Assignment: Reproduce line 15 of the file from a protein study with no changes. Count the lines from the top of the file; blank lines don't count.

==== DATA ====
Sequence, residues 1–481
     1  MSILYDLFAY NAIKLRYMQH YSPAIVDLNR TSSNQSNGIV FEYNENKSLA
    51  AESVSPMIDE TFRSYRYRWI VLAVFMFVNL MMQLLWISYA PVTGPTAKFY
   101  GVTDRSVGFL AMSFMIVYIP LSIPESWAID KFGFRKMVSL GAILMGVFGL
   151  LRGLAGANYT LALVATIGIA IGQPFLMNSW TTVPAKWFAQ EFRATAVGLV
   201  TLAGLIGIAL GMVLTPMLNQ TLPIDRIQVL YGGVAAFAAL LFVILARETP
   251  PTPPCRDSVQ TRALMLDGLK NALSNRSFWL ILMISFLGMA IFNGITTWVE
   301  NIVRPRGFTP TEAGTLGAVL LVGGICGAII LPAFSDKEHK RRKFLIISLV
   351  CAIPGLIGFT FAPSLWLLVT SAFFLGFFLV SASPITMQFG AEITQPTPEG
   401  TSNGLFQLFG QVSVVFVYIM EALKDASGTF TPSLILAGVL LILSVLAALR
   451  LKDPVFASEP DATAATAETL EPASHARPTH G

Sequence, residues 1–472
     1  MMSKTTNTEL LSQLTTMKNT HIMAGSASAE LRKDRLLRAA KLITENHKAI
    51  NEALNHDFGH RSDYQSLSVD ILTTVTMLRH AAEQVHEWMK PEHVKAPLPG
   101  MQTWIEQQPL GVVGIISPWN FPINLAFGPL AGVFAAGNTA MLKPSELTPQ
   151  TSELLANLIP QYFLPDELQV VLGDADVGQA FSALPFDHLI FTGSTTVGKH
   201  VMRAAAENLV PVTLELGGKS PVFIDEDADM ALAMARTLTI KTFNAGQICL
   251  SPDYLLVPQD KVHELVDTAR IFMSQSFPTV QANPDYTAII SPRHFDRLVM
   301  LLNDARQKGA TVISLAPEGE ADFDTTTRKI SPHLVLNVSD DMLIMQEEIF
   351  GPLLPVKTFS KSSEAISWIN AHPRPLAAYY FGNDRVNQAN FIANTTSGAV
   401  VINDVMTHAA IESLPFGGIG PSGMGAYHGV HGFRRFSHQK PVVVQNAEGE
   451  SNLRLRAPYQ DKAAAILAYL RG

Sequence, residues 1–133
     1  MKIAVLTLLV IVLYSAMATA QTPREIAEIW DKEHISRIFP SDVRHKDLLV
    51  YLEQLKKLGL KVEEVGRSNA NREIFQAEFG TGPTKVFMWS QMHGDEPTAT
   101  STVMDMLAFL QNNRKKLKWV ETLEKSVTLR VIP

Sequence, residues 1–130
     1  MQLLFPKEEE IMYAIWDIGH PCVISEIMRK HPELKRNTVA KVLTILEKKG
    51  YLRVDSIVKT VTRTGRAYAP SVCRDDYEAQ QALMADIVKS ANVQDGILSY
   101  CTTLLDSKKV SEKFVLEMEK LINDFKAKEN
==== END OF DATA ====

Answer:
   101  MQTWIEQQPL GVVGIISPWN FPINLAFGPL AGVFAAGNTA MLKPSELTPQ